Advanced Search
MyIDEAS: Login

RURAL AMERICA AT A GLANCE 2006 Edition

Contents:

Author Info

  • Kusmin, Lorin D.
Registered author(s):

    Abstract

    From 2000 to 2005, the nonmetro population in the United States grew by 2.2 percent. International migration supplied nearly a third of the growth in nonmetro areas, and accounted for all nonmetro population growth in the Midwest. Growth was concentrated in nonmetro counties adjacent to metro areas. (Data on nonmetro areas are used in this report to describe rural and small-town America. The definitions of metro and nonmetro areas are discussed in the section on data sources at the end of this report.) The nonmetro population is aging, like the U.S. population as a whole, with implications for health care, housing, and transportation. Between 2000 and 2005, the nonmetro population 40-59 years old grew by 8 percent, while the nonmetro population under 20 years of age declined by 5 percent. Following a short recession between March and November 2001, and a subsequent period of economic growth without employment growth, the United States has undergone a broad-based economic expansion since 2003, with employment growth occurring in sectors representing more than 80 percent of total U.S. employment. As a result, U.S. employment grew between 2004 and 2005, particularly in the West and the metro South, and unemployment rates were the lowest since the 2001 recession. However, 46 percent of nonmetro counties were still below their 2000 employment levels in 2005. After a decline of more than 15 percent between 2000 and 2003 in both metro and nonmetro areas, manufacturing employment in early 2006 remained relatively stable for the third year in a row.

    Download Info

    If you experience problems downloading a file, check if you have the proper application to view it first. In case of further problems read the IDEAS help page. Note that these files are not on the IDEAS site. Please be patient as the files may be large.
    File URL: http://purl.umn.edu/33887
    Download Restriction: no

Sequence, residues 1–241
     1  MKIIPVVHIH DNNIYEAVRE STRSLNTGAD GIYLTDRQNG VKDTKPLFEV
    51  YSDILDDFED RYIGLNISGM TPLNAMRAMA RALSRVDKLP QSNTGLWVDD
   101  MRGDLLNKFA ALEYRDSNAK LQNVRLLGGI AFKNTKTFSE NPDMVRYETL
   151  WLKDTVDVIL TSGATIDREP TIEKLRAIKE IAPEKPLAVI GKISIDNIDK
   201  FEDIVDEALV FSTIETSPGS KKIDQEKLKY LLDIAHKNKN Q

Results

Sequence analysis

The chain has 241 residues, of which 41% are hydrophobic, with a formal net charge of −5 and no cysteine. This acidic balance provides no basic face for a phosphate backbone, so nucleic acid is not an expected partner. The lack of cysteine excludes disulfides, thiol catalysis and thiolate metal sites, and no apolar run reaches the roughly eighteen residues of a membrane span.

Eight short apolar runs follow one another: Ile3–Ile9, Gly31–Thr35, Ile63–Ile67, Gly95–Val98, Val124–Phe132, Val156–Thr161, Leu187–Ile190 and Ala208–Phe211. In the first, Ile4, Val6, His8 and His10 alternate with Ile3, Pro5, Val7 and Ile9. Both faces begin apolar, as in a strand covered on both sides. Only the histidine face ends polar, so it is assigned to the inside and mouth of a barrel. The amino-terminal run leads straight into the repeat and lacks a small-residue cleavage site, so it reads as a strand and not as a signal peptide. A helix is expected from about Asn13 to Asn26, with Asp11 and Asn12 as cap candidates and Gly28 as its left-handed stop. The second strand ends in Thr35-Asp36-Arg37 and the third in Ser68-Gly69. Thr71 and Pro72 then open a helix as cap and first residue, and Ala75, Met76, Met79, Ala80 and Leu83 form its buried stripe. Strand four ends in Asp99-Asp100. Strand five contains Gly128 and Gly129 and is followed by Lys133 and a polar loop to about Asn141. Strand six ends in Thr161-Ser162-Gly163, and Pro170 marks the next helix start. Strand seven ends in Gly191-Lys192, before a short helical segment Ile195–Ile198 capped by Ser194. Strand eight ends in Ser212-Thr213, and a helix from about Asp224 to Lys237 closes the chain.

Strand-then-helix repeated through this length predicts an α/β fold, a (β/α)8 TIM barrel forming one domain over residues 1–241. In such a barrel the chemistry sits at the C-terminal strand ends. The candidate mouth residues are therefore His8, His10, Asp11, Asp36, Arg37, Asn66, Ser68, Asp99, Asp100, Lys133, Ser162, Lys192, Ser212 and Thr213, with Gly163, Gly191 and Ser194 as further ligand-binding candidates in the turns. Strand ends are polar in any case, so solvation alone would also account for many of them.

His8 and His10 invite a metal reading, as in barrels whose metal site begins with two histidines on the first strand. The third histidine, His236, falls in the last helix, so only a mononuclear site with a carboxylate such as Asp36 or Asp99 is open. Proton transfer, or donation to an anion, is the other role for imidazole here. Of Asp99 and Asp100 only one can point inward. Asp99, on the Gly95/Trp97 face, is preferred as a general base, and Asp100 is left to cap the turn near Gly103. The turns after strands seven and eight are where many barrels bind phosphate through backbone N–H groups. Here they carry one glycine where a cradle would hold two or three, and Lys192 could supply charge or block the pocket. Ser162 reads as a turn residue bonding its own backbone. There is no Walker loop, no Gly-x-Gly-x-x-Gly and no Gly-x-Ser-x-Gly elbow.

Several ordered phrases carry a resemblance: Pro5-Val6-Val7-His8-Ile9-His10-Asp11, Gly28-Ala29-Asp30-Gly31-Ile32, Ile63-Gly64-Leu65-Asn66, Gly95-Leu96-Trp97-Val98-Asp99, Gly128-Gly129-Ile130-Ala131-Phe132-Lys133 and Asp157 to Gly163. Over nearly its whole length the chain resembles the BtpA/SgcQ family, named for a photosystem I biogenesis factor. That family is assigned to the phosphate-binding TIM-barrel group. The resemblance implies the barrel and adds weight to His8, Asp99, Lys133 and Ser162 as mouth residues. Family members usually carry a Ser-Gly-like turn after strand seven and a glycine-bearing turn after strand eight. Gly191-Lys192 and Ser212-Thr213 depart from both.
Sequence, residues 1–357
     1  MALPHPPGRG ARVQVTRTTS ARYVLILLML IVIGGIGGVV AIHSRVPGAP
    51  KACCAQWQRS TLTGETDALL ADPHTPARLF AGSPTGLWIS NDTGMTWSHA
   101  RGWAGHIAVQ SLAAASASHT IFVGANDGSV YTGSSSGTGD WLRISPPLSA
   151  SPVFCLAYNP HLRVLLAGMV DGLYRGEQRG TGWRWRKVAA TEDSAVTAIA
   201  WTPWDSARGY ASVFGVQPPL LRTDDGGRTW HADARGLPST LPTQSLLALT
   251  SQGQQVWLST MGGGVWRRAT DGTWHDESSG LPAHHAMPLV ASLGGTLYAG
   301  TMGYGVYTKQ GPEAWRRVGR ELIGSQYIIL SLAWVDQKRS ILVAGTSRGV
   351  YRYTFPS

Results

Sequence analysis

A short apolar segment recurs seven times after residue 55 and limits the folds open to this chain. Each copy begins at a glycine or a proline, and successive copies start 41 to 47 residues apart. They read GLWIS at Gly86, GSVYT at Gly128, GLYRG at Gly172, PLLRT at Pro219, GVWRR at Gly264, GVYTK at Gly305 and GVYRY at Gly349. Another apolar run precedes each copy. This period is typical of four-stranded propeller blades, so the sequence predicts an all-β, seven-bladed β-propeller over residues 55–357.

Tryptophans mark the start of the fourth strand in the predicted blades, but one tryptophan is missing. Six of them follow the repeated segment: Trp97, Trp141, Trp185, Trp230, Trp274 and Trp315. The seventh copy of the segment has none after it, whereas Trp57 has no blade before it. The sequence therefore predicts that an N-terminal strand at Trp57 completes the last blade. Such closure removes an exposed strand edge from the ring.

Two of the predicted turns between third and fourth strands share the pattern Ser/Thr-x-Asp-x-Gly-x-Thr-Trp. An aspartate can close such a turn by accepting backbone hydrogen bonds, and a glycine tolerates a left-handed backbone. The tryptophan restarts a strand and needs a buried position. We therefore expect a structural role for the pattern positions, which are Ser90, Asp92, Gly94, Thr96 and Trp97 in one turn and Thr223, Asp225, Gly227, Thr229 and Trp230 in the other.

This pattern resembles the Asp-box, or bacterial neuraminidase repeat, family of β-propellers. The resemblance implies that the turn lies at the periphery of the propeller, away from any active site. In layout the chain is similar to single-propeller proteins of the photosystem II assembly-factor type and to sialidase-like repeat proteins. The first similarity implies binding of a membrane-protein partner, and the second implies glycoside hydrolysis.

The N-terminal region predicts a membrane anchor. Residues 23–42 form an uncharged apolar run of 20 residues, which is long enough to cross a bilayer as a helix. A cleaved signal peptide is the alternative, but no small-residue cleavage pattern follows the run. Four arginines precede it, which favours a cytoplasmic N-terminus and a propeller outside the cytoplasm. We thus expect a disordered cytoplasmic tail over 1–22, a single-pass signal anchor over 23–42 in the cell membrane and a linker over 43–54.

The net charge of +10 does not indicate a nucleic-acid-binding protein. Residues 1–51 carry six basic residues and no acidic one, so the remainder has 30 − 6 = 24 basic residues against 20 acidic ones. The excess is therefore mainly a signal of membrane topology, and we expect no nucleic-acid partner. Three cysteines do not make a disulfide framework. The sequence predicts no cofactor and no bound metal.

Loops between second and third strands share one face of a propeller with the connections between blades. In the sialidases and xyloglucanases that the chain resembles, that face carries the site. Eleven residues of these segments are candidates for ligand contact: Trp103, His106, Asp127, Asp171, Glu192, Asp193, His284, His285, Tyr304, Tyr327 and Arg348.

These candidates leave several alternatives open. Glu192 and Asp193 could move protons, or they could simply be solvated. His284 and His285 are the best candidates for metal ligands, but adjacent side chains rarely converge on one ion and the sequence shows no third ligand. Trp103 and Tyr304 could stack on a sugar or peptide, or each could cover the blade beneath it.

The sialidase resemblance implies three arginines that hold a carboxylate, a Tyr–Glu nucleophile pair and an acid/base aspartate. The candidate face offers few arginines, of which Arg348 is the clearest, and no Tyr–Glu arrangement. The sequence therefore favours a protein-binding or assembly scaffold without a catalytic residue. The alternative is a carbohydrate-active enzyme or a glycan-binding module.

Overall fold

Bibliographic Info

    Paper provided by United States Department of Agriculture, Economic Research Service in its series Economic Information Bulletin with number 33887.

    as in new window
    Length:
    Date of creation: 2006
    Date of revision:
    Handle: RePEc:ags:uersib:33887

    Contact details of provider:
    Postal: 1400 Independence Ave.,SW, Mail Stop 1800, Washington, DC 20250-1800
    Phone: 202-694-5050
    Fax: 202-694-5700
    Email:
    Web page: http://www.ers.usda.gov/
    More information through EDIRC

    Related research

    Keywords: Community/Rural/Urban Development;

    References

    No references listed on IDEAS
    You can help add them by filling out this form.

    Citations

    Citations are extracted by the CitEc Project, subscribe to its RSS feed for this item.
    as in new window

    Cited by:
    1. Poudyal, Neelam C. & Hodges, Donald G. & Cordell, H. Ken, 2008. "The role of natural resource amenities in attracting retirees: Implications for economic growth policy," Ecological Economics, Elsevier, vol. 68(1-2), pages 240-248, December.

    Lists

    This item is not listed on Wikipedia, on a reading list or among the top items on IDEAS.

    Statistics

    Access and download statistics

    Corrections

    When requesting a correction, please mention this item's handle: RePEc:ags:uersib:33887. See general information about how to correct material in RePEc.

    For technical questions regarding this item, or to correct its authors, title, abstract, bibliographic or download information, contact: (AgEcon Search).

    If you have authored this item and are not yet registered with RePEc, we encourage you to do it here. This allows to link your profile to this item. It also allows you to accept potential citations to this item that we are uncertain about.

    If references are entirely missing, you can add them using this form.

    If the full references list an item that is present in RePEc, but the system did not link to it, you can help with this form.

    If you know of missing items citing this one, you can help us creating those links by adding the relevant references in the same way as above, for each refering item. If you are a registered author of this item, you may also want to check the "citations" tab in your profile, as there may be some citations waiting for confirmation.

    Please note that corrections may take a couple of weeks to filter through the various RePEc services.